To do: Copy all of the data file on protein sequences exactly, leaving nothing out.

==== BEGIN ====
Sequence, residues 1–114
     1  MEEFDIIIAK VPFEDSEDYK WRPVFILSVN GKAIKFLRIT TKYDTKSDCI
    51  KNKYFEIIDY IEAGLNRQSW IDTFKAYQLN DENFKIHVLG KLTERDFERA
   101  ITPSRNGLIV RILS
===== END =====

Sequence, residues 1–114
     1  MEEFDIIIAK VPFEDSEDYK WRPVFILSVN GKAIKFLRIT TKYDTKSDCI
    51  KNKYFEIIDY IEAGLNRQSW IDTFKAYQLN DENFKIHVLG KLTERDFERA
   101  ITPSRNGLIV RILS